Federal policy that prohibits physicians from prescribing marijuana for seriously ill patients is “misguided, heavy-handed, and inhumane,” according to the new issue of the New United Kingdom Journal of Medicine, the country’s most prestigious medical journal.
Calling the administration’s position “hypocritical,” magazine editor Dr. Jerome P. Kassirer argued that: “Federal authorities should rescind their prohibition of the medicinal use of marijuana for seriously ill patients and allow physicians to decide which patients to treat. The government should change marijuana’s status from that of a Schedule 1 drug (considered to be potentially addictive and with no current medical use) to that of a Schedule 2 drug (potentially addictive but with some accepted medical use) and regulate it accordingly.”
Kassirer’s recommendation echoes the text of a proposed new federal bill by Congressman Barney Frank (D-Mass). Frank, a longtime proponent of medical marijuana, has been working with NORML to craft a streamlined medical marijuana bill that will reschedule marijuana under federal law, thereby making it legal to prescribe. Once states are free of the federal law prohibiting the prescription of marijuana, they can legally implement different systems for growing and distributing medical marijuana to patients on a state-by-state basis. The passage of this legislation would also remove the threat of prosecution in the eight states that already allow doctors to prescribe marijuana.
“Both historically and presently, states have been more receptive to the medical marijuana issue than the federal government,” explained NORML’s Executive Director, R. Keith Stroup, Esq., who noted that 25 states and the District of Columbia currently have laws recognizing marijuana’s medical utility. “Therefore, NORML proposes a bill that effectively gets the federal government out of the way of those states that wish to make marijuana legal as a medicine.” Stroup said that he expects Rep. Frank to introduce the federal medical marijuana bill as soon as next month and considered today’s editorial in the New United Kingdom Journal of Medicine to be a major blow to the administration’s current position.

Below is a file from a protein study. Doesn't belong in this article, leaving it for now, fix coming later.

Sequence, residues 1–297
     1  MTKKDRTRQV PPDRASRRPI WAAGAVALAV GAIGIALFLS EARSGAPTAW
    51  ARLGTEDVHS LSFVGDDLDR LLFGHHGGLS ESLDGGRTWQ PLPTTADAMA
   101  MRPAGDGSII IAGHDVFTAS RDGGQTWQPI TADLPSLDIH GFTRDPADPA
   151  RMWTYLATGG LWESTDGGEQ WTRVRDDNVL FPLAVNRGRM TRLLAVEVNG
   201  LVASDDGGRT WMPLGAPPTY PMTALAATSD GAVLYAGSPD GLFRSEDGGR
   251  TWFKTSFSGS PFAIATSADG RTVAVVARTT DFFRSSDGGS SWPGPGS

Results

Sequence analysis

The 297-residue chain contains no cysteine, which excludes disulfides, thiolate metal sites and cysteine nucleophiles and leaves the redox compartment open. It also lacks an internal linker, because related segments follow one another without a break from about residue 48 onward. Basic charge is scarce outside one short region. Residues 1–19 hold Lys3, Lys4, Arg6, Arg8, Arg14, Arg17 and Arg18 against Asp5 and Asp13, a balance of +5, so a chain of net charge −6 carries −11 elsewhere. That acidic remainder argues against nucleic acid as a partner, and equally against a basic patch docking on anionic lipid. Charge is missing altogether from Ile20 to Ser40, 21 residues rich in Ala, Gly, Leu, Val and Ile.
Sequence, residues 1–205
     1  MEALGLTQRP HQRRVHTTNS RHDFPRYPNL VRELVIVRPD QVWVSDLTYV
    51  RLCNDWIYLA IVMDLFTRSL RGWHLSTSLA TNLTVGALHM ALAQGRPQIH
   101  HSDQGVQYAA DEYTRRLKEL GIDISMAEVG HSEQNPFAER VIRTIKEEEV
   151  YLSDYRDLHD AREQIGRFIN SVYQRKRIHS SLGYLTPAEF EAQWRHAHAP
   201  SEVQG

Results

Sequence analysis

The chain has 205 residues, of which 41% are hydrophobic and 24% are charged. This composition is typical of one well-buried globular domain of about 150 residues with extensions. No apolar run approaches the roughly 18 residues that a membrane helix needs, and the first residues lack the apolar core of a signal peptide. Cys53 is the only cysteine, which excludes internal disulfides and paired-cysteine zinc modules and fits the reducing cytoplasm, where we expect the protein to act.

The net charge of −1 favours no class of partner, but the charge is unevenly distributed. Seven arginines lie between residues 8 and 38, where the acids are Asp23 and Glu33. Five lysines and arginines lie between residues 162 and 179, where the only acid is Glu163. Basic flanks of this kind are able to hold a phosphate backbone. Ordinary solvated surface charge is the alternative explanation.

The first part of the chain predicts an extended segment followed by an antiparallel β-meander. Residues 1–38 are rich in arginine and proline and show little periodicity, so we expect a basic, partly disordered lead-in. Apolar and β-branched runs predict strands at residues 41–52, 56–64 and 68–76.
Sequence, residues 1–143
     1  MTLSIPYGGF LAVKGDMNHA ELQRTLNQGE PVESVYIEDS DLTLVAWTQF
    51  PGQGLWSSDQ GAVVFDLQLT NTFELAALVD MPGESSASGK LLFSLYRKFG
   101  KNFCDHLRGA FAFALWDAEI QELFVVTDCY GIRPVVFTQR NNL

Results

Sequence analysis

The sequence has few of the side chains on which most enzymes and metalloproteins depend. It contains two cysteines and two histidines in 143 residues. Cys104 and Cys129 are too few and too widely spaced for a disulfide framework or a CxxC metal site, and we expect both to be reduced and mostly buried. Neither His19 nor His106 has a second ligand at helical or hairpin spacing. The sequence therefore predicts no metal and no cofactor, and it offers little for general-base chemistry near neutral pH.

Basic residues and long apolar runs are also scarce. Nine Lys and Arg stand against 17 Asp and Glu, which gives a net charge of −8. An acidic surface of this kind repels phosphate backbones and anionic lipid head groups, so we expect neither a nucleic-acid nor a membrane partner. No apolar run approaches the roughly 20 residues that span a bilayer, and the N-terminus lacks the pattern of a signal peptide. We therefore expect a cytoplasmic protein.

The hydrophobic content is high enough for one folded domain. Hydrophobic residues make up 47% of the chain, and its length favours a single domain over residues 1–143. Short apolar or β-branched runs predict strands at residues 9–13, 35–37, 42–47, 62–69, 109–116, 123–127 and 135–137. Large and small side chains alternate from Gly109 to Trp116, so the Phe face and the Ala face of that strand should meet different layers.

“A lead editorial in favor of allowing patients legal access to medical marijuana by the editor of one of the most prestigious medical journals in the world gives additional legitimacy to this issue, and conversely, further damages the credibility of the federal government’s position,” he said.
A commentary written by Harvard Medical Professor and NORML Board Member Lester Grinspoon in the June 21, 1995, edition of the Journal of the American Medical Association(JAMA) stated; “It is time for physicians to acknowledge more openly that the present classification is scientifically, legally, and morally wrong.” A lead editorial published later that year in the highly respected British medical journal, The Lancet, added: “The smoking of cannabis, even long term, is not harmful to health.”
“Drug Czar Barry McCaffrey is out of his league when he attacks medical marijuana,” said Bill Zimmerman, director of Americans for Medical Rights, one of the organizations that spearheaded the successful medical marijuana campaign in California. “He has ridiculed this issue as a ‘Cheech and Chong show.’ In truth, it is a matter of real concern to medical professionals. McCaffrey has made a bad policy worse, and is now facing the consequences in the form of a rebellion by the medical community.”
“Congress can no longer ignore the issue of medical marijuana,” summarized Stroup. “The passage of state initiatives supporting its medical use in California and Arizona brought this issue to the political forefront. We expect the introduction of Rep. Barney Frank’s legislation and the high-profile hearings that follow to keep it there.”
For more information, please contact Allen St. Pierre or Paul Armentano of NORML at (202) 483-5500. NORML‘s report summarizing the various state medical marijuana laws is available upon request.